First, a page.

Third Parties in the U.S. Political Process
But, despite an active political presence, only two parties — the Democrats and Republicans — dominate the modern American political process, between them fielding all of the candidates that have become president since the mid-1800s.
Why, in a democracy, do only two parties dominate? What of the 52 other parties, many of which have contributed ideas and policies that have become mainstays of American political life and law? The answer, according to historians and scholars, is the political process that has relegated third parties to the sidelines and the nature of the parties themselves.
The Green Party, Reform Party, Libertarians, Constitution Party and Natural Law Party represent the most active third parties currently in the United States. All of these parties have fielded presidential candidates in the last several elections.
Ralph Nader, an independent candidate in the 2004 presidential race, made his name as a consumer advocate and as the two-time presidential nominee of the Green Party. As the Green Party candidate in 2000, he gained more than 2 million votes, coming in third behind Al Gore and George W. Bush. But controversy marred the Green Party accomplishment. Democrats blamed Nader for causing Gore’s defeat by siphoning off votes simply by his presence in the race.
The Green Party platform centers largely on the environment, while Libertarians, which make up the third largest political party in the country and the oldest of the third parties, believe in a reduced role of the government. They maintain that the government should serve only as a form of protection for citizens. Although no Libertarian Party candidate has ever become president, several of its members hold elected office in state and local government.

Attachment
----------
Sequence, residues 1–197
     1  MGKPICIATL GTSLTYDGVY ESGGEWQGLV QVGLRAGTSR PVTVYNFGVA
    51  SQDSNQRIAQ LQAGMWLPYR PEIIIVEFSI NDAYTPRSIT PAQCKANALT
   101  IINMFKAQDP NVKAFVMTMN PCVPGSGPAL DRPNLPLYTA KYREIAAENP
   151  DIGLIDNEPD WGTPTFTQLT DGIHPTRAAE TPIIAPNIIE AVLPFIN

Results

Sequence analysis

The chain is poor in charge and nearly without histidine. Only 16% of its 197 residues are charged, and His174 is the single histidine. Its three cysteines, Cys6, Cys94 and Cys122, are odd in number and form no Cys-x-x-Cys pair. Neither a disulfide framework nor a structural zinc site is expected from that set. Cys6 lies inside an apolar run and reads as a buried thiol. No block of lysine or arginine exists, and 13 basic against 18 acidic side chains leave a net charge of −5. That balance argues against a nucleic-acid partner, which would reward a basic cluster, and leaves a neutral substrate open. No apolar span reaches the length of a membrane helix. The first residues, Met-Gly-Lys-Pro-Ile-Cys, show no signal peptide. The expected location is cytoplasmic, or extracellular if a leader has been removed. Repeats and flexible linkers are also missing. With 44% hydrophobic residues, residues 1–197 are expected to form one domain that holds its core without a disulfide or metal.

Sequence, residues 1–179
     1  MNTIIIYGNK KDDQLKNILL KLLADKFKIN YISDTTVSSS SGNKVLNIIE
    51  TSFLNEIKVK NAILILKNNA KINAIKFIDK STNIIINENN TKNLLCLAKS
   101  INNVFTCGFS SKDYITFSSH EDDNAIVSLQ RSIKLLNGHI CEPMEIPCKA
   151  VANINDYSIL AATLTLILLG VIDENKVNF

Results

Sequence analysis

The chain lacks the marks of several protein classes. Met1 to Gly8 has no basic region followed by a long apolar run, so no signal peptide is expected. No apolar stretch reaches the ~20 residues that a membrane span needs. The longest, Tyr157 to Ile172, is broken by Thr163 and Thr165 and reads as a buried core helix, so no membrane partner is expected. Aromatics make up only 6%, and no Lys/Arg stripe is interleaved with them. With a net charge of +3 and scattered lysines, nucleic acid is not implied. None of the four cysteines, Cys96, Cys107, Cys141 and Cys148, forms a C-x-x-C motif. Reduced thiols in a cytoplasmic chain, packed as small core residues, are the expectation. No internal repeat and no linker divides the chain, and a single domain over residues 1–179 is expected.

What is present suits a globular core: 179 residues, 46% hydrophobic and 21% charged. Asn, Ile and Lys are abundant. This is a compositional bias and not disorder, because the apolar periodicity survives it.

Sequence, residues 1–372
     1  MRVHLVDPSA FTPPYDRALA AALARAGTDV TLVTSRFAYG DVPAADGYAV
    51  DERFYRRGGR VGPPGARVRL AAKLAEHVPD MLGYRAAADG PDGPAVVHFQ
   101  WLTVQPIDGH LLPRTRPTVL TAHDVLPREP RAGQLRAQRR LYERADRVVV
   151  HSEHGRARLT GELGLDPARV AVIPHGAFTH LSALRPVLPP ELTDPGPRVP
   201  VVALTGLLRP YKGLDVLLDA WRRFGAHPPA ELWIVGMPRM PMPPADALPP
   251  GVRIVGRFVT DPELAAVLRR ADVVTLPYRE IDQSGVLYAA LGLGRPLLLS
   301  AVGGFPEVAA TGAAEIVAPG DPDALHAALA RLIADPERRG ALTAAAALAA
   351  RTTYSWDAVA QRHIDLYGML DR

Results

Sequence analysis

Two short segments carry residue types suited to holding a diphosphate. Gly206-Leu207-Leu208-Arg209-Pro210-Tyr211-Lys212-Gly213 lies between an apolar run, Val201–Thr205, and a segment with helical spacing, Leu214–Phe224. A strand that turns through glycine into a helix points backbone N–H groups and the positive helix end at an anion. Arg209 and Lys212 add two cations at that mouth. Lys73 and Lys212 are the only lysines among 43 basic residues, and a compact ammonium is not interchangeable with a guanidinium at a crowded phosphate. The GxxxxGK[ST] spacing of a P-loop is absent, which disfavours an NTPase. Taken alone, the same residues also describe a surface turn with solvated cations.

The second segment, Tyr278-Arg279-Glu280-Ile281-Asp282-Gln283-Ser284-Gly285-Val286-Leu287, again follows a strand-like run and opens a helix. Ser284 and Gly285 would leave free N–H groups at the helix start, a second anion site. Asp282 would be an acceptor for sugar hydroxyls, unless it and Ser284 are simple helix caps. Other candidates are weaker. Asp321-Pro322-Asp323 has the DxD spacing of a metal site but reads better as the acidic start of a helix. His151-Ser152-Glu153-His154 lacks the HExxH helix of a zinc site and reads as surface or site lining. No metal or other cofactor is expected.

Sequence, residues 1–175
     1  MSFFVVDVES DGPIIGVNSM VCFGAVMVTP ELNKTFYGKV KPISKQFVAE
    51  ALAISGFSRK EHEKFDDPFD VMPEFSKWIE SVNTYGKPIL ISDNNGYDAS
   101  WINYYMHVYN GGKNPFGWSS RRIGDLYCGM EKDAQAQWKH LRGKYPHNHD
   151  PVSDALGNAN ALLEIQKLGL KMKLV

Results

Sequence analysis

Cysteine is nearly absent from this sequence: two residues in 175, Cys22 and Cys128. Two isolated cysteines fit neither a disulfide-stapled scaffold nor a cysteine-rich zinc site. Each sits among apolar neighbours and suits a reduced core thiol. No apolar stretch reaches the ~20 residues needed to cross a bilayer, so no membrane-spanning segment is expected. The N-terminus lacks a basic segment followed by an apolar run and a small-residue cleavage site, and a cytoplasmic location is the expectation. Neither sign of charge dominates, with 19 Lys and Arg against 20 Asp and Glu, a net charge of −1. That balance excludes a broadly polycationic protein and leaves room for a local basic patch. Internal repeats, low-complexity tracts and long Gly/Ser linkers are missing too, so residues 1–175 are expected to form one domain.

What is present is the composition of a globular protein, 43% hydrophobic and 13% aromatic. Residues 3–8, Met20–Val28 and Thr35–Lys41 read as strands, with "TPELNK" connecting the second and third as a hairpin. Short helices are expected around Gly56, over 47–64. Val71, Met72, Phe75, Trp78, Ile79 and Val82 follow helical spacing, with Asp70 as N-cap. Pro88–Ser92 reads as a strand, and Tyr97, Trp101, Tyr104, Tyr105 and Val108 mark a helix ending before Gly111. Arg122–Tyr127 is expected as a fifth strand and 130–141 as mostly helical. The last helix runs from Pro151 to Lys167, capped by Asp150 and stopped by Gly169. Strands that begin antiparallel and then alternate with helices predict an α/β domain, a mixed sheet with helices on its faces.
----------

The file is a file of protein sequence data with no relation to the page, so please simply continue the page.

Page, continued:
The American Taxpayers Party, which changed its name to the Constitution Party in 2000, advocates a strict interpretation of the Constitution and more power for states and localities. Its most popular candidate Howard Phillips ran for office in 1992 but received less than 1 percent of the vote.
Third Parties Success & Influence
The most successful of the third parties in any one election was the Reform Party, which in 1992 nominated Texas billionaire Ross Perot as its candidate for president. Perot ran on a platform that advocated reducing the federal budget deficit, an issue previously ignored in elections but one that would become a major part of almost every presidential campaign since. Perot received 19 percent of the vote.
“[H]e was the first candidate really in a big way to float the idea that the deficit was a bad thing,” said historian Michael Beschloss. “By the time Bill Clinton was elected that fall, if he had not done something about the deficit he would have been in big trouble and that was largely Ross Perot’s doing.”
Third parties have had a major influence on U.S. policy and political debate despite their minor presence in Congress — currently only one U.S. senator and one member of the House of Representatives is an independent.
In the late 1800s and early 1900s, the Socialists popularized the women’s suffrage movement. They advocated for child labor laws in 1904 and, along with the Populist Party, introduced the notion of a 40-hour work week, which led to the Fair Labor Standards Act of 1938.
“What happens is third parties act as a gadfly,” said Sean Wilentz, director of the American Studies program at Princeton University. “There’ll be an issue that’s being neglected or that is being purposely excluded from national debate because neither party wants to face the political criticism that it would bring. A classic example was slavery.”
“It’s a kind of bitter sweetness,” he added. “[Third parties] are the ones that raise the issues that no one wants to raise and in the process they change the political debate and even policy, but they themselves as a political force, they disappear.”
Obstacles Third Parties Face